How One Health Hero Fights Back
Many Americans regularly suffer unfavorable decisions that affect their health benefits, but Anna Landre has proven herself to be a formidable opponent to what many see as a dysfunctional health care system.
The 21-year-old, who was valedictorian of her high school, has earned strong grades during her three years at Georgetown University while living with a significant disability — spinal muscular atrophy. I wrote about Anna last year and have kept up with her. Her story is included in my new book due out next January, Get What’s Yours for Health Care – How to Get the Best Care at the Right Price.
Landre has been coping with the genetic disorder since birth and relies on extensive on-site help. She has a health aide with her 16 hours a day — 10 hours each evening and six hours during the day. She needs help with all daily activities and often requires assistance at night to improve her breathing and move her to a more suitable position in bed. She has been able to live on campus and attend classes, aided by a motorized wheelchair.
Even with on-site help for much of the day, trying to lead a semblance of a normal life is challenging. Her course work had to be rearranged because she can only attend classes when an aide is present. “It would be nice to be able to have someone with me all the time,” she said in a phone interview. “God forbid that I could go to the bathroom whenever I want!”
The company that administers Medicaid on behalf of New Jersey, Horizon NJ Health, informed her in 2018 that it would reduce the number of weekly hours of care covered by her insurance from 112 to 70. Cutting the hours of care by more than a third threatened to end Landre’s dreams of getting a college degree and, later, leading an independent life.
The company told Landre the change stemmed from periodic nursing assessments it does to evaluate needed benefits. Using a benefits evaluation tool created by the state, Horizon NJ Health found Landre needed less than 10 hours of help a day.
Landre said neither the insurer nor the state ever explained to her why her hours had previously been approved but then cut without any change in her condition. “I thought we all had agreed upon this amount of help throughout my college career, and that the insurance company and the state and me – all three parties – had agreed that this was going to work,” she said.
“They have these set ideas about what disabled people should and shouldn’t be allowed to do.”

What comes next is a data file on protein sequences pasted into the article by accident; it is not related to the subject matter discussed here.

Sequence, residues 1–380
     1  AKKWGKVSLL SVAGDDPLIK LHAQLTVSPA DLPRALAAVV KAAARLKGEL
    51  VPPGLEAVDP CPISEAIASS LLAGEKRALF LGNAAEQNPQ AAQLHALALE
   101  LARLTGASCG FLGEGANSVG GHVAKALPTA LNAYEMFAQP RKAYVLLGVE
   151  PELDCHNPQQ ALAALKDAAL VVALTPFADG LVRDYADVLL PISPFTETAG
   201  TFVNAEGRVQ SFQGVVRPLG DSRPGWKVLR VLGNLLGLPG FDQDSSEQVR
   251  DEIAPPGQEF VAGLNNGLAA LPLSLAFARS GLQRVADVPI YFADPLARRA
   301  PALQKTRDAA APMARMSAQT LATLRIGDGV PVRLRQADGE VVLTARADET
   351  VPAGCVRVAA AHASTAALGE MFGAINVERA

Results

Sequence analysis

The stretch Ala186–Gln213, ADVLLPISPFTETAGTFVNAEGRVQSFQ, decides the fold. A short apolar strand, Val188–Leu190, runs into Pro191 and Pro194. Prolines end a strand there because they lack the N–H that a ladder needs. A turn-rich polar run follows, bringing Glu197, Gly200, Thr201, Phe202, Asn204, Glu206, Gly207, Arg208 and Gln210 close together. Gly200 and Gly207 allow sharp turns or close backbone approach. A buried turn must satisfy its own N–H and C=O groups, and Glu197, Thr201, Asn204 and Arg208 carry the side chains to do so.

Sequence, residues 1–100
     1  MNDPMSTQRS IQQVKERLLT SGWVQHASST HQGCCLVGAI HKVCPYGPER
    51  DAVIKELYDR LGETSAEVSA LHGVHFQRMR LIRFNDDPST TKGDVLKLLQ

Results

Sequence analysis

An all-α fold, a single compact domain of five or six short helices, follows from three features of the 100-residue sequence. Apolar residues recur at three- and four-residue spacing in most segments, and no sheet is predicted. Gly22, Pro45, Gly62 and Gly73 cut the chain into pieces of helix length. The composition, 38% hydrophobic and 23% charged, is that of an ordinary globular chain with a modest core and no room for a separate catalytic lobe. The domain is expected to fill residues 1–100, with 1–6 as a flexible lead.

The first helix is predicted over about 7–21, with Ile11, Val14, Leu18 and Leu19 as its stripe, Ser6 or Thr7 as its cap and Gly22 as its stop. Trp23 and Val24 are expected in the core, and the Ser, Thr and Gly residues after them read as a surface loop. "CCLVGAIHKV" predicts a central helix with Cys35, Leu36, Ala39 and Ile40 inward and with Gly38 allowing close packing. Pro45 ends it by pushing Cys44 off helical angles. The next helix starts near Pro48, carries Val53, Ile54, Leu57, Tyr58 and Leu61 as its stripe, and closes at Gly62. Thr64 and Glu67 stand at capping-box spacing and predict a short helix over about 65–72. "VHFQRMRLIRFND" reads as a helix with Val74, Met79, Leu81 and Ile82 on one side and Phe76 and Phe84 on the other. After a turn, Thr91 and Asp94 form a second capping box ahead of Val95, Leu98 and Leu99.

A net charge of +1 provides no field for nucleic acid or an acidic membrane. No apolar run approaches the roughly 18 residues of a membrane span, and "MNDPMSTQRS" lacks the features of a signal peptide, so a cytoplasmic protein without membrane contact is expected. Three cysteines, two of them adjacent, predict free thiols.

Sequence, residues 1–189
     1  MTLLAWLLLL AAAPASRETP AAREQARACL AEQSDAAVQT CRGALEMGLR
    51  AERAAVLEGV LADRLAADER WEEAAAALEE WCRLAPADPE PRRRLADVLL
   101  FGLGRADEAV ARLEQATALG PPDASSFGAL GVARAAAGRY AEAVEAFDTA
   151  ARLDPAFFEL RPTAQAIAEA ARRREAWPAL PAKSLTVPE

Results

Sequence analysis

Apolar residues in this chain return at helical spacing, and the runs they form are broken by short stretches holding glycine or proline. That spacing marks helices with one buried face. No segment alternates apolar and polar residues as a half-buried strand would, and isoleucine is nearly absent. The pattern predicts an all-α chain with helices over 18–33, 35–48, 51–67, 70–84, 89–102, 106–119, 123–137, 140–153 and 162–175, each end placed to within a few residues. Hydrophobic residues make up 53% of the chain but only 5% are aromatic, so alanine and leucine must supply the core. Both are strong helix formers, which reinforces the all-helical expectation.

Landre appealed the reduced coverage. A state administrative law judge reversed Horizon’s decision, but the New Jersey Department of Human Services, which oversees the state’s Medicaid program, then reviewed the judge’s decision, as required by law. It agreed with the company and said in late May that Landre’s benefit cuts would take effect.
The New Jersey Department of Human Services, which oversees the state’s Medicaid program, “didn’t care that I couldn’t live independently on the amount of hours that their evaluation tool kind of spit out,” Landre said. “It was really awful trying to fight that fight.”
Landre recalled that during her appeal, the insurance lawyer asked if she brought her aide to parties where she would drink. “And I said, ‘Absolutely not!’ But I was also thinking in the back of my head, what if I couldn’t lift a fork to my mouth to eat, or I couldn’t drive my own wheelchair and I did need someone to go to social events with me?” Landre said. “Would that somehow make me a criminal? They have these set ideas about what disabled people should and shouldn’t be allowed to do.”
A Horizon spokesman declined to discuss Landre’s case beyond saying that the company did not make New Jersey’s rules but simply carried them out in its coverage decisions, noting that the state had agreed with its decision to reduce her covered hours. A spokesman for the state said it did not comment on individual cases.
Once she was informed of that decision, Landre began developing a social-media campaign to fight back against adverse health insurance decisions.
The tweets generated an outpouring of support from the Georgetown community and disability rights groups. They also led to news stories in the Asbury Park Press, NJ.com, Forbes, and other online outlets. The insurer quickly reversed its position.
Landre said the terms of her revised agreement prevented her from discussing specifics. But she will be getting 16 hours of daily help during the rest of her college career.
The downside, Landre said, is that her success is specific to her case and does not change insurance coverage rules for other people with disabilities. Increasingly, knowledge-based jobs can be filled by people with disabilities, she said, but not if outdated insurance rules apply coverage restrictions that no longer reflect technological and workplace realities.
But Landre’s situation could serve as an example to others denied coverage. A government report from 2011 estimated between 39 percent and 59 percent of coverage denials are overturned on appeal.